- Don’t forget that the whole point of social media is for it to be interactive! Get your students involved by having them make their own videos to go along with almost any type of assignment. Just make sure to teach your students how to use the YouTube privacy settings so they can control who can view their videos.
Of course, these are the most basic and widespread forms of social media. There are many more amazing, but lesser-known, social media resources out there. Let us know if there are any social media tools that you have found useful in your own classroom or in your personal experience so we can share them in future articles!
Technology Resources Used During the Spanish Immersion Institute
One of the foci of the Spanish Immersion Institute this year was finding and using new technology resources that we can take back to our classrooms in the fall. Here are four of them, and all easily useful for just about any teacher at any level in any language. Our participants enjoyed investigating these and other programs. The descriptions come directly from the various websites.
Prezi is a cloud-based presentation software that opens up a new world between whiteboards and slides. The zoomable canvas makes it fun to explore ideas and the connections between them. The result: visually captivating presentations that lead your audience down a path of discovery.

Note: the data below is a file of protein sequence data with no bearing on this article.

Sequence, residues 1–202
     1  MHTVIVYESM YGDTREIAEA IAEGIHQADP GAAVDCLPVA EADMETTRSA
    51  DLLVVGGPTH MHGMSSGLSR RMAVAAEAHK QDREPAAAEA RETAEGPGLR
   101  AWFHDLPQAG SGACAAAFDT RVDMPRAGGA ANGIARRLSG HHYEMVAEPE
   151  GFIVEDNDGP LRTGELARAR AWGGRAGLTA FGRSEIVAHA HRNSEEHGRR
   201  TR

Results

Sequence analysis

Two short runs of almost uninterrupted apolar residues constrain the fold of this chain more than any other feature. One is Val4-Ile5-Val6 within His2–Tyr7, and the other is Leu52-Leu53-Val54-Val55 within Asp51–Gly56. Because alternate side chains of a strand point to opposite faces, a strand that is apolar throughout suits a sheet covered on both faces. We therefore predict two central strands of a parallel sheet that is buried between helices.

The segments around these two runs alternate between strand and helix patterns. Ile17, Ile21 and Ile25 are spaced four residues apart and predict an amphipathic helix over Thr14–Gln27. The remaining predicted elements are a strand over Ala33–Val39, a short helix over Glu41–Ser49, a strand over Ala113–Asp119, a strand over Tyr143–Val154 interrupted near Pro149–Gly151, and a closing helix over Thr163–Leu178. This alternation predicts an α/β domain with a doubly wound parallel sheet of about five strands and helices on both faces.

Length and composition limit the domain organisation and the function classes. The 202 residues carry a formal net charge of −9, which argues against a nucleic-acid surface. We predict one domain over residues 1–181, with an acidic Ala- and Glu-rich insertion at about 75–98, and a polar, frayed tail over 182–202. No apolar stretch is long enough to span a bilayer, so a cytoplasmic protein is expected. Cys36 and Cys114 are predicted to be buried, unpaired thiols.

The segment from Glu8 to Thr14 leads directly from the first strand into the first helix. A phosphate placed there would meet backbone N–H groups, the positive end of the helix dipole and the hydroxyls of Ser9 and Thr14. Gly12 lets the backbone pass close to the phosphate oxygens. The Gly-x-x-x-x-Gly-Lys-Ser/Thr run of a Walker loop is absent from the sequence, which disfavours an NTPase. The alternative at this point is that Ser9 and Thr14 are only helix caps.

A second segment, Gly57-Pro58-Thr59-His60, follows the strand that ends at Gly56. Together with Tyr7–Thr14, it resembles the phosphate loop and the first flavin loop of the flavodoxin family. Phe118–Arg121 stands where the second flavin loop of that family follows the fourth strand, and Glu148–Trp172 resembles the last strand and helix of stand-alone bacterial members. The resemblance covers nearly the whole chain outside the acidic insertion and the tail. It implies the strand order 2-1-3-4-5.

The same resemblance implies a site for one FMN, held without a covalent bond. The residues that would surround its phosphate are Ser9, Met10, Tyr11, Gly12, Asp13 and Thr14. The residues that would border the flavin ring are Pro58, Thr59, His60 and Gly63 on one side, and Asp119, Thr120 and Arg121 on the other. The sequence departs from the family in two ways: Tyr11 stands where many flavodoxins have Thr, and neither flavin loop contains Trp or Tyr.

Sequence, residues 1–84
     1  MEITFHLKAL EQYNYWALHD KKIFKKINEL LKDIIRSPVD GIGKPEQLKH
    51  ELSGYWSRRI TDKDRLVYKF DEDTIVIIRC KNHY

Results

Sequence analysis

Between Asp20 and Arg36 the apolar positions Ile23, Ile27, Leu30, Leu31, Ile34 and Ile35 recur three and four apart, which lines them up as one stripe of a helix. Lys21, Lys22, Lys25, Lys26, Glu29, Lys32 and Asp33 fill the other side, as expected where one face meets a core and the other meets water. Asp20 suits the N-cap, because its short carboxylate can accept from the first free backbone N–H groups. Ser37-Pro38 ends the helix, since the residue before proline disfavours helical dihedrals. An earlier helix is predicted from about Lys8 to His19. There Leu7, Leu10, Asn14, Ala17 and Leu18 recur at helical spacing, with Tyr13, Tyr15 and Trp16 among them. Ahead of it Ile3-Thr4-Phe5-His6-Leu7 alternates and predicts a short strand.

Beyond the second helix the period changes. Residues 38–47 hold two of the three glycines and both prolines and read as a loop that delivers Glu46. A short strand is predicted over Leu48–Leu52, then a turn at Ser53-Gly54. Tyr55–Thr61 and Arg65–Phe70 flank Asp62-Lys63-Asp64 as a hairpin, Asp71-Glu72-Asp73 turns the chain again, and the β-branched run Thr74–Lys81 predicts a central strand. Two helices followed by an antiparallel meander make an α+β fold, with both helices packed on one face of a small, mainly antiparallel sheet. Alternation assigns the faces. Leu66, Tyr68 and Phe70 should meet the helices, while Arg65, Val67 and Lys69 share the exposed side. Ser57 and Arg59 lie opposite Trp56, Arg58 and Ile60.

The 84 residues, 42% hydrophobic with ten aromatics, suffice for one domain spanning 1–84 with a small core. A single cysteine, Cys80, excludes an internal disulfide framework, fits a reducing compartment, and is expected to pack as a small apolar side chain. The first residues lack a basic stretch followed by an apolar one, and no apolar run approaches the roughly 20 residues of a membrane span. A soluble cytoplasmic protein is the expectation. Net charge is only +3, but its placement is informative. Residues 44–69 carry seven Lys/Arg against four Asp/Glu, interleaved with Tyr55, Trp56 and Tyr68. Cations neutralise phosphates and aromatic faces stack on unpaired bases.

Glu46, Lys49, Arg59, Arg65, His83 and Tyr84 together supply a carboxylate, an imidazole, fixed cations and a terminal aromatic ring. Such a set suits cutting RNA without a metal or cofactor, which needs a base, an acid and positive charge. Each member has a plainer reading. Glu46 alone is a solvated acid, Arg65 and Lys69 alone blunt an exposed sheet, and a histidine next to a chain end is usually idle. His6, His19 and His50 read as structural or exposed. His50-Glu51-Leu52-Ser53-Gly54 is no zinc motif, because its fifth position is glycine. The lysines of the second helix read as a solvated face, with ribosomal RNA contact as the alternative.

If you wonder how other educational professionals use Prezi from K-12 all the way to University, how to get the best out of the tool in the classroom, or search for inspirational EDU presentations, visit: http://edu.prezi.com/
PreziU offers more than just content to consume: you can share your best prezis, ask for feedback, submit your best practices and experience reports as articles and join discussions about Prezi using the forums.
Example of Prezi in the language classroom: http://creativelanguageclass.wordpress.com/tech-ideas/teach-vocab-with-prezi/
Our September issue has a tutorial on how to do a simple Prezi presentation.
ToonDoo is a cool, comic-creating tool from Jambav, a fun site for kids. Jambav is devoted to creating a unique array of free and customizable online games of educational value for children of all abilities. ToonDoo was the happy result of brainstorming session that was aimed at creating a new way of expression for those who do not have the talent to draw. You can now just drag-drop or click to create comic strips that express your views, opinions, angst or to just have fun, loads of it!
Example of ToonDoo in the language classroom: http://allsaintslanguagesblog.typepad.co.uk/all_saints_languages_blog/2009/02/zoe-rs-cool-toondoo.html
Voki Classroom http://www.voki.com/products.php
Voki is a free service that allows you to create personalized speaking avatars and use them on your blog, profile, and in email messages. Studies show that using technology in education improves students' achievements. Voki is a unique tool to engage your students in creative expressions.
Example of Voki in the language classroom: http://teachweb2.wikispaces.com/Voki
YouTube allows billions of people to discover, watch and share originally-created videos. YouTube provides a forum for people to connect, inform, and inspire others across the globe and acts as a distribution platform for original content creators and advertisers large and small.